Abstract: It is frequently canvassed by some politicians and political commentators that the current British electoral system is biased against the Conservative party because of variations in constituency size: seats won by the Conservatives at recent elections have been larger than those won by Labour in terms of their registered electorates, thereby disadvantaging the former. As a consequence, it is argued that equalisation of constituency electorates by the Boundary Commissions would remove that disadvantage. The validity of this argument is addressed in two ways. First, we demonstrate that the rules and procedures applied by the Boundary Commissions when redistributing seats in the UK preclude the achievement of substantial equality in constituency electorates. Secondly, we use a recent adaptation of a widely-used procedure for establishing electoral bias in three-party systems to show that variations in constituency electorates had only a minor impact on the outcome of elections after the last two redistributions. The geography of each party’s support base is much more important, so changes in the redistribution procedure are unlikely to have a substantial impact and remove the significant disadvantage currently suffered by the Conservative party
 
Abstract: The measurement of bias in election results, whereby one or more parties are advantaged in the translation of votes into seats at the expense of others, is attracting increasing attention. So far, almost all of the analytical work – aimed at both identifying the extent of bias in an election result and establishing its causes – has focused on either two-party systems or on the largest two parties in multi-party systems. Building on the firm foundations of one such approach, this paper introduces an original procedure for analysing bias in three-party systems using a readily-appreciated metric for both evaluating the degree of bias and decomposing it into the various causal factors. This is illustrated using the example of the 2005 British general election and a comparison of the results from two-party and three-party analyses of six recent elections there.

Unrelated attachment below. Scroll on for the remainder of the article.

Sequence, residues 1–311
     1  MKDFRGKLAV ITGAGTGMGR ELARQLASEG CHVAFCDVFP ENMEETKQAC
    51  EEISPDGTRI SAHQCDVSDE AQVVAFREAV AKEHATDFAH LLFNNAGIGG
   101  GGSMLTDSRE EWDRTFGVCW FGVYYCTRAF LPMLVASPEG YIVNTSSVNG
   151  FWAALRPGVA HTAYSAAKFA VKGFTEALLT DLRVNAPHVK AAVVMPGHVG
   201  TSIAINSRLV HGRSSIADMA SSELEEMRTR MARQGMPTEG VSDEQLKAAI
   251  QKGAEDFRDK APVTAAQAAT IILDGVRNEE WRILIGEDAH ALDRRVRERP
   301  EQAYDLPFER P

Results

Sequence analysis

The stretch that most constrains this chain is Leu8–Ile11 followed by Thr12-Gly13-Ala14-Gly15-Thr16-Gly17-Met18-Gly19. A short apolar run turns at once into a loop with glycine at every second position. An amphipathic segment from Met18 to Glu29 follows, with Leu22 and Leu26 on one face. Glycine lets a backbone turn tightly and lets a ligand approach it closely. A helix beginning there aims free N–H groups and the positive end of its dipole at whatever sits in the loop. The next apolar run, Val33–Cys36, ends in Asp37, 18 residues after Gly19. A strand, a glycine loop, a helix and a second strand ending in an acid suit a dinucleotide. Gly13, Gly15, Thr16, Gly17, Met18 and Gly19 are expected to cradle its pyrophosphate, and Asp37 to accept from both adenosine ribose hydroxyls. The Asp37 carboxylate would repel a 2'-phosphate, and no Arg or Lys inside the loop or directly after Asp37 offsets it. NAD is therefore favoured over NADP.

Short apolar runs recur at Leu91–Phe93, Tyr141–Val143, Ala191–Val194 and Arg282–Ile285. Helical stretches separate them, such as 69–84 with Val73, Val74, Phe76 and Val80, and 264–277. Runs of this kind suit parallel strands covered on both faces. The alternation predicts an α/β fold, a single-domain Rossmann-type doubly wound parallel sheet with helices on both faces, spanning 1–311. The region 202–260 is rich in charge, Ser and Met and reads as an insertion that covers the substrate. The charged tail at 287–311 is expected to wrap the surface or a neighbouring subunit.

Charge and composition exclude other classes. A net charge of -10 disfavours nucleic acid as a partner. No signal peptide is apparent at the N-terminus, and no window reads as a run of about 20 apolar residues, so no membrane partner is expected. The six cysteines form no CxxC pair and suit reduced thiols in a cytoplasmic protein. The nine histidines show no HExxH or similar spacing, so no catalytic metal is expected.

Abstract: It is frequently canvassed by some politicians and political commentators that the current British electoral system is biased against the Conservative party because of variations in constituency size: seats won by the Conservatives at recent elections have been larger than those won by Labour in terms of their registered electorates, thereby disadvantaging the former. As a consequence, it is argued that equalisation of constituency electorates by the Boundary Commissions would remove that disadvantage. The validity of this argument is addressed in two ways. First, we demonstrate that the rules and procedures applied by the Boundary Commissions when redistributing seats in the UK preclude the achievement of substantial equality in constituency electorates. Secondly, we use a recent adaptation of a widely-used procedure for establishing electoral bias in three-party systems to show that variations in constituency electorates had only a minor impact on the outcome of elections after the last two redistributions. The geography of each party’s support base is much more important, so changes in the redistribution procedure are unlikely to have a substantial impact and remove the significant disadvantage currently suffered by the Conservative party.